The Deutsche Forschungsgemeinschaft (DFG, German Research Foundation) is funding a new Emmy Noether junior research group at the German Cancer Research Center (DKFZ) for six years with a total of around 2 million euros. The scientists and doctors, who are part of the Clinical Cooperation Unit for Pediatric Leukemia at the Hopp Children's Cancer Center Heidelberg (KiTZ), are using a new procedure to investigate how cancer cells manipulate the formation of proteins to become resistant to cancer drugs. The method and the newly gained knowledge are also to be used for the development of better treatments for childhood leukemia.
Leukemia is one of the most common cancers in children, affecting about 30 percent of young cancer patients. Even though the disease is now easily curable in most children, about 10 - 20 percent relapse because the cancer cells have become resistant to the usual drugs. This means that the disease can no longer be stopped by standard therapies.
An important role in the development of resistance in leukemias and many other cancers is played by processes of protein formation, which will be intensively researched in future by a research group at the Hopp Children's Cancer Center Heidelberg (KiTZ) and at the German Cancer Research Center (DKFZ), led by Ashok Kumar Jayavelu. Only recently, a research team led by Jayavelu was able to make the crucial discovery that tumor cells manipulate protein production in such a way that they become resistant to treatments.
The cellular mechanism underlying this, which the research group will also examine more closely in the future is called "splicing". Splicing is an essential step for the cell to prepare a transcript of genes that is cut to the right version and then transported within the cell to the place of protein production. The blueprint provides the instructions the cell needs to assemble the multiform proteins of a cell. The process is controled by the "spliceosome", a highly complex protein structure that is in constant remodeling as it works. "We now know that mutated splice proteins are common in leukemia cells," Jayavelu explains. "However, the assembly of the spliceosome is an extremely dynamic and highly complex process involving more than 150 proteins. Identifying which factors and structures are responsible for the development of blood cancer and possibly also the formation of resistance is therefore a major challenge."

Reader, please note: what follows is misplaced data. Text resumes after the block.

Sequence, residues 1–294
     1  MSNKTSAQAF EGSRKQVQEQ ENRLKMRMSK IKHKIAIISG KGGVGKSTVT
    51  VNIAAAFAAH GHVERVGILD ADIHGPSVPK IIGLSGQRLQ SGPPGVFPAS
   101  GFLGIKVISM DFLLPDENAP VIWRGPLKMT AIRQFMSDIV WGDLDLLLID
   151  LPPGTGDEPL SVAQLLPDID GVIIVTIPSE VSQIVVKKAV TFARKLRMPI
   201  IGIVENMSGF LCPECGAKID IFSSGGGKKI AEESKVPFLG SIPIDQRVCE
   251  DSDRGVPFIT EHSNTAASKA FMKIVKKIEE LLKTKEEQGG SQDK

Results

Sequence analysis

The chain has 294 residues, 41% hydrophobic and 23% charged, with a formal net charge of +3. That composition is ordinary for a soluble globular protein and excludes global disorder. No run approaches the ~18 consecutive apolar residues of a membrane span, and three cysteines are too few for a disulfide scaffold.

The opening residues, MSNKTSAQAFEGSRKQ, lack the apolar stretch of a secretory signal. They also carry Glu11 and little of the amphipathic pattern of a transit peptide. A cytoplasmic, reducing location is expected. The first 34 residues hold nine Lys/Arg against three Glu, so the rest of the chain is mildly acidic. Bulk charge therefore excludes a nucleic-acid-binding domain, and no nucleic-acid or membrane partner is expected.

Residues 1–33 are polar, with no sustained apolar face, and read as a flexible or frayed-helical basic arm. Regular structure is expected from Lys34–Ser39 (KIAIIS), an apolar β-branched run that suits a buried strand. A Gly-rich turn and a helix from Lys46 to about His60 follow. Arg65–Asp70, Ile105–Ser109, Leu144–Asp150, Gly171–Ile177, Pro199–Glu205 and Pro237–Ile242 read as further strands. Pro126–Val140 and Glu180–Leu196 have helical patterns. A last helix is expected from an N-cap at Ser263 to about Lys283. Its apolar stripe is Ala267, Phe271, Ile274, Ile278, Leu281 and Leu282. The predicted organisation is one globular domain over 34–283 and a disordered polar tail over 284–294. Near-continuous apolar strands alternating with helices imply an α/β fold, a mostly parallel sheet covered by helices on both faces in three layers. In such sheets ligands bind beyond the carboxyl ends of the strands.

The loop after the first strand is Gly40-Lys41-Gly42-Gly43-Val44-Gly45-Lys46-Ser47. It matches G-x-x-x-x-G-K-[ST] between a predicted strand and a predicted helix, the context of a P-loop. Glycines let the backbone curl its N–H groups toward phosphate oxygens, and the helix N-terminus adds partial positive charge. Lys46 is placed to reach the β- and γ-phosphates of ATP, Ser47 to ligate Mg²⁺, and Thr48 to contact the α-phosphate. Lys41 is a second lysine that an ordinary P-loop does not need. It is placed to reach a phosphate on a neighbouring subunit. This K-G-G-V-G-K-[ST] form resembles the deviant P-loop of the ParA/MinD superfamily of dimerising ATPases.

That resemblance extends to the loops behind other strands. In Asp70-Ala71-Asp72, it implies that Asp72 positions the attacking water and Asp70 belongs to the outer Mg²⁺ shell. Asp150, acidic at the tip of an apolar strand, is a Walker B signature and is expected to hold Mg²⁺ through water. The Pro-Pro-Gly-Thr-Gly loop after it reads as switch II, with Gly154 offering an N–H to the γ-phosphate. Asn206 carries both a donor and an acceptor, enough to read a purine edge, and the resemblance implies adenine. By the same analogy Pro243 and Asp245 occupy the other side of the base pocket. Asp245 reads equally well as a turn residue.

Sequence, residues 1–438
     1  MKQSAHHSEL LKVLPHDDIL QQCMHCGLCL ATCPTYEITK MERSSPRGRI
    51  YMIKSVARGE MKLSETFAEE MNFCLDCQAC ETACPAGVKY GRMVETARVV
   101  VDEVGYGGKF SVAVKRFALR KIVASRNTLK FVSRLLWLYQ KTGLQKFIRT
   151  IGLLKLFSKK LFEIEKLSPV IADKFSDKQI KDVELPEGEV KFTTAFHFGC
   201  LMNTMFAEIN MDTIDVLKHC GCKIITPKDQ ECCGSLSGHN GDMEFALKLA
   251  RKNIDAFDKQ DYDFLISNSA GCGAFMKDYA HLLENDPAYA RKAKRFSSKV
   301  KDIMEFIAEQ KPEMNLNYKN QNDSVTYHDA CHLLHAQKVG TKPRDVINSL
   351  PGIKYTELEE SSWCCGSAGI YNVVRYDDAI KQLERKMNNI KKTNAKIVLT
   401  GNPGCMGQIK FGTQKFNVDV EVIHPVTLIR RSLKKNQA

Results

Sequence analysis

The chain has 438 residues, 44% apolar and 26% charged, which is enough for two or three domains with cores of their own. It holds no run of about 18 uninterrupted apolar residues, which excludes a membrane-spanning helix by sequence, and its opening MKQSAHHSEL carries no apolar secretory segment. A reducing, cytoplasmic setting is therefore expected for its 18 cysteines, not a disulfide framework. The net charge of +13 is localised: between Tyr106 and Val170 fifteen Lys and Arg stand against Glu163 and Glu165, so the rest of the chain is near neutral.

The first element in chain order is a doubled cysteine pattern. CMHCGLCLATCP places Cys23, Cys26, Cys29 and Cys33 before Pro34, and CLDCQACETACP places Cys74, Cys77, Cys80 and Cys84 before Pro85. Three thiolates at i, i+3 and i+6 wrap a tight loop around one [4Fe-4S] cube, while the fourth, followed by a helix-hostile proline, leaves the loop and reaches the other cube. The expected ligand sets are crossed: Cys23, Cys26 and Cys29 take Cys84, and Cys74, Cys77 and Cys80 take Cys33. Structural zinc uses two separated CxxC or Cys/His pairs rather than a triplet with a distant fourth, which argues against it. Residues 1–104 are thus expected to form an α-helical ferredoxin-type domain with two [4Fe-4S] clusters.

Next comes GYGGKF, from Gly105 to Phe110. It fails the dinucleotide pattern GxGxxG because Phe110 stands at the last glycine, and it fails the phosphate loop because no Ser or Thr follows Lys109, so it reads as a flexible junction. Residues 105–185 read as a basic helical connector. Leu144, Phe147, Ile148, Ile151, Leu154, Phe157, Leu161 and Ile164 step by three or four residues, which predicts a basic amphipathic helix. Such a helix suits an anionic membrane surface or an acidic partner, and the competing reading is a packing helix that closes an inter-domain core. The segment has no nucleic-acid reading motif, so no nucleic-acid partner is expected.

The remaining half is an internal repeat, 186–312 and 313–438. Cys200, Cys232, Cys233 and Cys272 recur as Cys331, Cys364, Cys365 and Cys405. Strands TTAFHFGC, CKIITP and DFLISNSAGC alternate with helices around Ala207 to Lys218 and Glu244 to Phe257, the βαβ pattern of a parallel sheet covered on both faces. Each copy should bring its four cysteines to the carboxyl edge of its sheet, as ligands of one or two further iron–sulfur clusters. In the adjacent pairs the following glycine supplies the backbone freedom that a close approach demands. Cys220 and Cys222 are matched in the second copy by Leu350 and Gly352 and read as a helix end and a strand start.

Jayavelu's team has developed a special mass spectrometry method to examine proteins and their modifications. In particular the researchers will apply this in cancer cells to study the splicing process. Establishing this method at the DKFZ is the goal of the new Emmy Noether junior research group, which is funded by the German Research Foundation (DFG) with around 2 million euros. Jayavelu is also the head of a research group at the KiTZ to use the method to research the causes of resistance in childhood leukemia. This therapy resistance is particularly pronounced in the case of so-called acute lymphoblastic leukemia in children, ALL for short. "With the new method, we hope to soon better understand the causes of this so that we can also help children who have relapsed," says Jayavelu.